Trump's Early Christmas Gift to Democrats

In a surprise blow to GOP leaders, the president strikes a short-term fiscal deal with Nancy Pelosi and Chuck Schumer, handing them leverage ahead of the next round of negotiations in December.

Donald Trump meets with Congressional leaders in the Oval Office.
Evan Vucci / AP

Paul and Mitch, take a seat: President Trump’s new best friends in Congress are Nancy and Chuck.

In a surprising blow to his own party’s congressional leadership, the president on Wednesday struck a deal with Democrats to package nearly $8 billion in Hurricane Harvey relief with a three-month extension of government funding and increase in the debt ceiling. Trump agreed to the request by House Minority Leader Nancy Pelosi and Senate Minority Leader Charles Schumer over the objections of Speaker Paul Ryan and Senate Majority Leader Mitch McConnell, who had wanted a longer increase in the debt ceiling to prevent Republicans from having to take multiple, politically painful votes to raise it in the coming months.

“We essentially came to a deal, and I think the deal will be very good,” Trump told reporters on Air Force One after meeting with the top four congressional leaders at the White House. In a sign of how the meeting went, he praised the two Democrats he had until recently called “obstructionists,” and he neglected to mention Ryan and McConnell at all.

Trump even held out the possibility of giving Democrats a much bigger prize in future negotiations: a permanent legislative fix for undocumented immigrants brought to the U.S. illegally as children who were protected from deportation under the Deferred Action for Childhood Arrivals program, which he announced would be winding down. “Chuck and Nancy would like to see something happen, and so do I,” the president said.

With Trump’s acquiescence to the Democrats’ fiscal demands, their chances of winning a DACA fix have also improved. Schumer and Pelosi specifically wanted only a short-term increase in the debt ceiling because it gives Democrats additional leverage to demand concessions during the next round of spending fights in December, when Congress will be under pressure to make a big year-end agreement before lawmakers go home for the holidays. Republicans know they can’t pass an increase in the debt ceiling without Democratic votes, and the more frequently they have to do it, the more bargaining power Pelosi and Schumer have.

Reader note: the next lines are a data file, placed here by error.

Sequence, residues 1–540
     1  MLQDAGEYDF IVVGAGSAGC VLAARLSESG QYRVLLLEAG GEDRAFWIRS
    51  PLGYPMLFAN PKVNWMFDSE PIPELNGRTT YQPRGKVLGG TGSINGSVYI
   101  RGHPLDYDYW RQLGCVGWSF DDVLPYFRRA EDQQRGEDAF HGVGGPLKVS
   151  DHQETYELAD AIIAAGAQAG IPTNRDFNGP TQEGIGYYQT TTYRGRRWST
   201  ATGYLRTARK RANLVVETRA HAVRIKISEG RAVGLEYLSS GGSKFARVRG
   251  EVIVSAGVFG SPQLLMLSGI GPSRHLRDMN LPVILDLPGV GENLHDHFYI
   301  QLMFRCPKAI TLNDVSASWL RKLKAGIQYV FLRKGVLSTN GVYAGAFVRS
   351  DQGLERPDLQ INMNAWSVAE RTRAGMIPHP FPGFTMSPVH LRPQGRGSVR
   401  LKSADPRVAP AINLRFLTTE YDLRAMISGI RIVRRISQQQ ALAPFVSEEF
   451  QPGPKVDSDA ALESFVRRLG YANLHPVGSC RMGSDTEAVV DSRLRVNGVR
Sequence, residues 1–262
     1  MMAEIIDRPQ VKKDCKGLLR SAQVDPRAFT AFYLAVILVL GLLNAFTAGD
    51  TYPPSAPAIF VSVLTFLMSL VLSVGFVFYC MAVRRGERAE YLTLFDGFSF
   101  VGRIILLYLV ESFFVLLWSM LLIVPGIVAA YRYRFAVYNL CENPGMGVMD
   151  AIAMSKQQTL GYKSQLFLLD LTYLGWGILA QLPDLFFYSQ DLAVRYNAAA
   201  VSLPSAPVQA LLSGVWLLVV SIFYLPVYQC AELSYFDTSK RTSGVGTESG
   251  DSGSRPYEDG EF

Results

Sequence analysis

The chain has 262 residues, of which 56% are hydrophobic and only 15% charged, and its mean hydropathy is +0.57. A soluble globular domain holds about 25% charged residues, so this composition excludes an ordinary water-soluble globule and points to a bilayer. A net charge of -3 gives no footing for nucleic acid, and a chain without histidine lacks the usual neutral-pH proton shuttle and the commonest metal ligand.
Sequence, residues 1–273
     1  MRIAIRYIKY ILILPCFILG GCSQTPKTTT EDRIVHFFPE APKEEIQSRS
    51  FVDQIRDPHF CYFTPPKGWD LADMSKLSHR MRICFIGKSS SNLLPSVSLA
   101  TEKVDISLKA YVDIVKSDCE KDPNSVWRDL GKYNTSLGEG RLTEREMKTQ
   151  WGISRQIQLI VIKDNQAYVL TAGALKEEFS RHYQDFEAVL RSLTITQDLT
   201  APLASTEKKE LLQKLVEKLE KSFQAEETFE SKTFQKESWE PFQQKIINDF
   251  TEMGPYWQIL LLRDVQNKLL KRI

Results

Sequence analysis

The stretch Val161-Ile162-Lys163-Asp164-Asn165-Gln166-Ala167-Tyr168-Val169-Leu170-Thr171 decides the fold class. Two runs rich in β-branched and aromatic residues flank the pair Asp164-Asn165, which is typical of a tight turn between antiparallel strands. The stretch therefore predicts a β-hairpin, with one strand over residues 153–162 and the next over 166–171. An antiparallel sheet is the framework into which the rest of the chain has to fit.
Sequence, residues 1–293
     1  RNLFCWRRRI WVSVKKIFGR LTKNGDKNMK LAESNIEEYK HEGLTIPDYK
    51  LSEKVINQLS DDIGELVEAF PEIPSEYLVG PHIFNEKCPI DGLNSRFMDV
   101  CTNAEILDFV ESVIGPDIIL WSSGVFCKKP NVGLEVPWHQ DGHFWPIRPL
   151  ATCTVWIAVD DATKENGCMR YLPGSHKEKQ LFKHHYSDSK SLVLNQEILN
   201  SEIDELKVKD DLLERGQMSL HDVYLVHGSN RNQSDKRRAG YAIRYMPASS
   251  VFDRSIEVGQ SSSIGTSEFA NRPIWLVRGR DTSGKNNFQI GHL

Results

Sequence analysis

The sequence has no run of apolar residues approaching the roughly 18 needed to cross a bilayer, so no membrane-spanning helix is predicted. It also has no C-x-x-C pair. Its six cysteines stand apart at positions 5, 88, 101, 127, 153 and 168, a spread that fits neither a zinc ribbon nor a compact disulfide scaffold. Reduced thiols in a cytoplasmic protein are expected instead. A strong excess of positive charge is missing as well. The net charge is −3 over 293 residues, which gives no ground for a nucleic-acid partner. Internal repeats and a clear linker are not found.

“Both sides have every intention of avoiding default in December and look forward to working together on the many issues before us,” the two Democrats said in a joint statement after the White House meeting. Then they hinted that a DACA fix was next on their list of priorities: “As Democratic leaders, we also made it clear that we strongly believe the DREAM Act must come to the floor and pass as soon as possible and we will not rest until we get this done.”

Trump’s deal with Democrats was a particular humiliation for Ryan, who just hours earlier—and perhaps unbeknownst to the president—had denounced as “ridiculous” and “disgraceful” the exact terms that comprised the agreement. “I think that’s a ridiculous idea. I hope they don’t mean that,” the speaker told reporters when he was asked about the proposal from Pelosi and Schumer to tie a short-term debt-limit increase to the Harvey relief money. “I think it’s ridiculous and disgraceful that they want to play politics with the debt ceiling at this moment when we have fellow citizens in need.”

In the White House meeting, every Republican in the room but Trump—Ryan, McConnell, House Majority Leader Kevin McCarthy, and Treasury Secretary Steven Mnuchin—opposed the Democratic plan, according to multiple people briefed on the discussion. The Republicans first proposed an 18-month extension of the debt limit, which would mean Congress wouldn’t have to vote again on the issue until after the 2018 midterm elections. Then they floated a six-month extension. But when the negotiation came to a standstill and it became clear neither side would budge, Trump sided with Democrats and backed a three-month extension both of federal spending and the debt ceiling.

Another aide briefed on the meeting said that toward its conclusion, Ivanka Trump entered the room to say hello to the leaders and the discussion veered off-track. “Republican leaders were visibly annoyed by Ivanka’s presence,” the aide said. (A Ryan spokeswoman replied: “That’s not true.”)

The agreement must still pass the House and Senate, and although most Democrats will likely vote for it, Republican support could be tough to come by, and blowback from conservatives could be intense. “The Pelosi-Schumer-Trump deal is bad,” Senator Ben Sasse of Nebraska tweeted in one early review.

The House on Wednesday passed legislation to provide $7.85 billion in federal assistance to Texas and Louisiana. McConnell acknowledged that the president had sided with Democrats, and he said that in deference to Trump’s wishes, he would amend the bill this week to add the three-month continuing resolution and debt-ceiling provisions. And, in a signal to fellow Republicans, the majority leader said he would vote for it. Trump’s feeling, McConnell said, “was we needed to come together to not present a picture of divisiveness.” He made no mention of his own recent public spat with the president, nor did he opine on Trump’s strategic break with GOP leaders.

In true Beltway fashion, Democrats crowed over an agreement that will bring only a few months of fiscal peace. “This was a really positive step forward,” Schumer said, hailing it as a victory for the nation. But its significance was more in its precedent than the substance: A frustrated president, bereft of legislative wins and desperate to make a deal, turned away from his party and into the unlikely arms of the opposition.